« Mitt Romney: Clueless on Education | Main | National Teachers Hall of Fame is a Gift »

A Ceasefire for Teacher Appreciation Week

This is Teacher Appreciation Week. It is a time to honor the men and women who strive daily to provide every child in every classroom with an opportunity for a bright future. It is not a time to attack teachers' salaries, benefits, job security, or professionalism. For this one week of the year, let's declare a ceasefire on the current war against America's teachers.

For those of you who challenge my contention that there is a war on teachers, let me give you some facts. The war began on November 2, 2010, when voters elected a group of politicians who made promises to reduce government, reduce taxes, and reform education. When those newly-elected officials discovered that this economy could not handle those promises, they chose to attack teachers and other middle-class public employees rather than to raise the disproportionately low taxes of wealthy supporters.

Ground zero in this war was Wisconsin. Governor Scott Walker took office predisposed to fight public employees who had challenged him in his previous office as a county executive. Governor Walker began the war by destroying collective bargaining rights so that he could balance his budget on the backs of teachers and state employees. By destroying their rights, he was able to reduce salaries, benefits, and jobs. He brags about it. When they supported him, voters had no idea that this was his plan. When they realized what he was doing, they fought back. The war there continues with a recall battle set for the 5th of June. I am sure that the teachers of Wisconsin would gladly delay Teacher Appreciation Day to June 5th and ask the voters to show their support for the excellent work teachers have done---despite the most adverse conditions---by giving their state a Governor who respects and honors them.

If we believe that education is an economic driver and that great teachers are the most important factor in a quality education, then we must stop the war on teachers. While Ohio voters stood up to a Governor who attempted to copy his colleague in Wisconsin, other states have not been so fortunate. There is not much recourse in states like Indiana, Florida, and Michigan where the political dialogue has demeaned teachers, leaving them demoralized. Maybe a little public outrage about that dialogue would be the best gift for teachers in those states.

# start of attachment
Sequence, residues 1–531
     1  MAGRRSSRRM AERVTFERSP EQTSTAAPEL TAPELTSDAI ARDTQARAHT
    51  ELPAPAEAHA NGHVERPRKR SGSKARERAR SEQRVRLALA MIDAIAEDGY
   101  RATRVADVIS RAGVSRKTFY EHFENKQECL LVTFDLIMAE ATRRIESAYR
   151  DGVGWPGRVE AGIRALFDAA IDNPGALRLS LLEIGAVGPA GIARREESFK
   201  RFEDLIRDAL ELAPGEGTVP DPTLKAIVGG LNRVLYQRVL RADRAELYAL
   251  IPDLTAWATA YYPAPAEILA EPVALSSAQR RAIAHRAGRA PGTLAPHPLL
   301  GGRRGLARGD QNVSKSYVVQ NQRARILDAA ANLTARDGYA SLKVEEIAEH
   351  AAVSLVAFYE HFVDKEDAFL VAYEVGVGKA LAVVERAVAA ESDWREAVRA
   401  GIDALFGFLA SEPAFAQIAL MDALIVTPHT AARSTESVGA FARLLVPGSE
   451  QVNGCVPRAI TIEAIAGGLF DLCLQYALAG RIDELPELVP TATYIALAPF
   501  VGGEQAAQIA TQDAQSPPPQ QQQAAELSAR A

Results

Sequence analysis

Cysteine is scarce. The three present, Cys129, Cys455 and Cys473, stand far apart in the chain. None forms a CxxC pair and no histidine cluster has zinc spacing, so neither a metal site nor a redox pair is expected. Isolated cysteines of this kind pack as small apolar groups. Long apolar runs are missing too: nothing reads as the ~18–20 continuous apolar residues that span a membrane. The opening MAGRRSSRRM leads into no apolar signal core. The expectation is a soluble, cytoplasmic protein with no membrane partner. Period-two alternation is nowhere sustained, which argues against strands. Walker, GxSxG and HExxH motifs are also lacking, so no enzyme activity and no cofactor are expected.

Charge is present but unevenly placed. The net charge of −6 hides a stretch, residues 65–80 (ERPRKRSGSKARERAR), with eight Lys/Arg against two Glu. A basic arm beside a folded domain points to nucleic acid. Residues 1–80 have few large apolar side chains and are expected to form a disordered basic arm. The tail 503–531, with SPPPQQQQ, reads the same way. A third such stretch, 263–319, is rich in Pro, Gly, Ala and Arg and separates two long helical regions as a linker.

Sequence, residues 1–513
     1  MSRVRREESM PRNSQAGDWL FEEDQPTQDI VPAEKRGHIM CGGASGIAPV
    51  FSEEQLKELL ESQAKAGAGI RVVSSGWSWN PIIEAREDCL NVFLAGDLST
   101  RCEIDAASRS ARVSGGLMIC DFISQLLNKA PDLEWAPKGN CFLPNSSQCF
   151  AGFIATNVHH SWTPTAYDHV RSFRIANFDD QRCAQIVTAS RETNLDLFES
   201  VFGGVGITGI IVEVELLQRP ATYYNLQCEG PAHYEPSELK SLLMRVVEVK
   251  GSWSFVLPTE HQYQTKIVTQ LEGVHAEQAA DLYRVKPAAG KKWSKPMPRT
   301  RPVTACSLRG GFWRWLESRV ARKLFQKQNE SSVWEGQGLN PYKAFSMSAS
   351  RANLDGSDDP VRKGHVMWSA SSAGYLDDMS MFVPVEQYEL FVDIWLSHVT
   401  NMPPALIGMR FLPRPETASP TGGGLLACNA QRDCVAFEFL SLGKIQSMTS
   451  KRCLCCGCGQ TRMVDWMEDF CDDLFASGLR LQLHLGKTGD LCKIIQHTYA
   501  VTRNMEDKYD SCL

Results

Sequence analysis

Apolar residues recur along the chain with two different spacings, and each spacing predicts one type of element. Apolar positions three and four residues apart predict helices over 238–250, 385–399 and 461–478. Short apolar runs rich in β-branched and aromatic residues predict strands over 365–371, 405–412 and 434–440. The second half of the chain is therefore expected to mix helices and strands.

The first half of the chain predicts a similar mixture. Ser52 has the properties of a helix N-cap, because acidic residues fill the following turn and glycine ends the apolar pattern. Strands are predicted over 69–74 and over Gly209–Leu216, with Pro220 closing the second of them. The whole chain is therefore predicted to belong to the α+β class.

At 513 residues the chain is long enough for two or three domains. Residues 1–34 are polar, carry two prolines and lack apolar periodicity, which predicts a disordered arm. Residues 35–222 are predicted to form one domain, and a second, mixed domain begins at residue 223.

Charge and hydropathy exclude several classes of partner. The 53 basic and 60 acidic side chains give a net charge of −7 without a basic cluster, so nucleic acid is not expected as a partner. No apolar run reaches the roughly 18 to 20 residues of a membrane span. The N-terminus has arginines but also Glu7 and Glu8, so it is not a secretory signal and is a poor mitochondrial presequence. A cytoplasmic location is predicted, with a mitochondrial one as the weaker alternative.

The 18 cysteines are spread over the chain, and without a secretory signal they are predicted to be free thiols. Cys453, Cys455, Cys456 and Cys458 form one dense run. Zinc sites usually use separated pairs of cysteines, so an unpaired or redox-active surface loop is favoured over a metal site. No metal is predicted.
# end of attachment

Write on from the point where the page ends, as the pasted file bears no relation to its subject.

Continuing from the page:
It has been a tough year for all teachers. Many elected and appointed officials across the country have fought to equate quality teaching with a single test score. We might even say that tests have been used as weapons of mass destruction in this war.

Teachers need to know that someone recognizes the work that they do every day for our children. In every poll, teachers say what would mean most to them is a "thank you" from the public.

So let's thank our teachers for their sacrifices of family time, personal income, and more to assure that our children are well served. Thank teachers for paying for our children's college application fees, lunches, eyeglasses, field trips, clothes, and whatever else our children needed to spare them from embarrassment or neglect. Let's thank them for all the time they spent off the clock to become better teachers, to chaperone our children, to coach teams, to sponsor yearbook staffs and glee clubs, and to volunteer for community projects. Other than their parents, teachers are the most important adults in our children's lives. Our appreciation is a small token in exchange for the huge gift teachers provide daily to ensure our democracy.

Notice: We recently upgraded our comments. (Learn more here.) If you are logged in as a subscriber or registered user and already have a Display Name on edweek.org, you can post comments. If you do not already have a Display Name, please create one here.
Ground Rules for Posting
We encourage lively debate, but please be respectful of others. Profanity and personal attacks are prohibited. By commenting, you are agreeing to abide by our user agreement.
All comments are public.


Most Viewed on Education Week



Recent Comments